I discuss the shadow cabinet elections in my column in the magazine this week, and I also make the case for Ed Balls to be the next shadow chancellor. I suspect David Miliband will wait a few months (a year?) before quitting front-line politics and going off to take a high-profile, high-paid job on the international circuit (EU, IMF, World Bank, UN, etc) because, in the words of a shadow cabinet colleague of his, "If he quits now, it'll look like he's throwing his toys out of the pram."

But if he does ask for, and get, the shadow chancellor's job from his brother, then that means David Miliband is in for the long haul, because Labour cannot afford to switch shadow chancellors in the middle of this cuts-ridden, economy-focused parliament. If he's not signed up for a full term, then I'd suggest Ed Mili create a new and nebulous position for him in the short-to-medium term -- perhaps "shadow deputy prime minister", facing off against Nick Clegg each week in the Commons, taking on the constitutional reform brief and helping formulate Labour's position on the Alternative Vote and the May 2011 referendum campaign. As I've said, I'd prefer that the shadow chancellor job go to the bullish Balls.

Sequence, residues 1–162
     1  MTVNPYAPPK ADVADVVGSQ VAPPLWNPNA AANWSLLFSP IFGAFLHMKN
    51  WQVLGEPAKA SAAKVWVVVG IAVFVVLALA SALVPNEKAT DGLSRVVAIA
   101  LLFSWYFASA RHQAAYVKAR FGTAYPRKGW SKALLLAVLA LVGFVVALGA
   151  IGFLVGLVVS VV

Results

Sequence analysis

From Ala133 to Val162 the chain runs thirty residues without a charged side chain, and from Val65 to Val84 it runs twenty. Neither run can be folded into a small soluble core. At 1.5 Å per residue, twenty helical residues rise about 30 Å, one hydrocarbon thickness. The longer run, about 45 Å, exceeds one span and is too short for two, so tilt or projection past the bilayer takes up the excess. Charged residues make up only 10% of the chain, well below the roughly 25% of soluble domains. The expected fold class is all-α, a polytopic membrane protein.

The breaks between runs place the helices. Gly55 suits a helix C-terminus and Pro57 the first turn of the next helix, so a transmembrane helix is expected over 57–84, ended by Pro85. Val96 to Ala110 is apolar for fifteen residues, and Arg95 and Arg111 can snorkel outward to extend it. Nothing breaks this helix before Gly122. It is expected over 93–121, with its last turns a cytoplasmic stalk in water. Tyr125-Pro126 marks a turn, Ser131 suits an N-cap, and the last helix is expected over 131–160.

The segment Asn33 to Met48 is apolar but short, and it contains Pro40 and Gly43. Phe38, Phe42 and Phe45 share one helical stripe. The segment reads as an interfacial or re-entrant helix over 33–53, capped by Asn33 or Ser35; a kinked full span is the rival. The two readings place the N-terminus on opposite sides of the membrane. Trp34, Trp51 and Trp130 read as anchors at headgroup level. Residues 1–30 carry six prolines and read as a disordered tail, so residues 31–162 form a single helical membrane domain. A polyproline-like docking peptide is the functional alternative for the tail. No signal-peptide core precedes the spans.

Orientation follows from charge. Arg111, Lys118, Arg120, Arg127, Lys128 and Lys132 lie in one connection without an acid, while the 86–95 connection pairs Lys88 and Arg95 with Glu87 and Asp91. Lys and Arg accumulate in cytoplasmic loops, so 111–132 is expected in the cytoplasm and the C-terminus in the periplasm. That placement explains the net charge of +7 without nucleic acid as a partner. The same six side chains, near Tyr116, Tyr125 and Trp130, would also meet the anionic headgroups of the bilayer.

Now, others in the left/Labour blogosphere -- Will Straw, Sunder Katwala, et cetera -- suspect Yvette Cooper may be the best alternative to both Balls and the elder Miliband as shadow chancellor. She is a trained economist like her husband, but has fewer enemies than he does. (Plus, she is a woman and feisty, too . . .)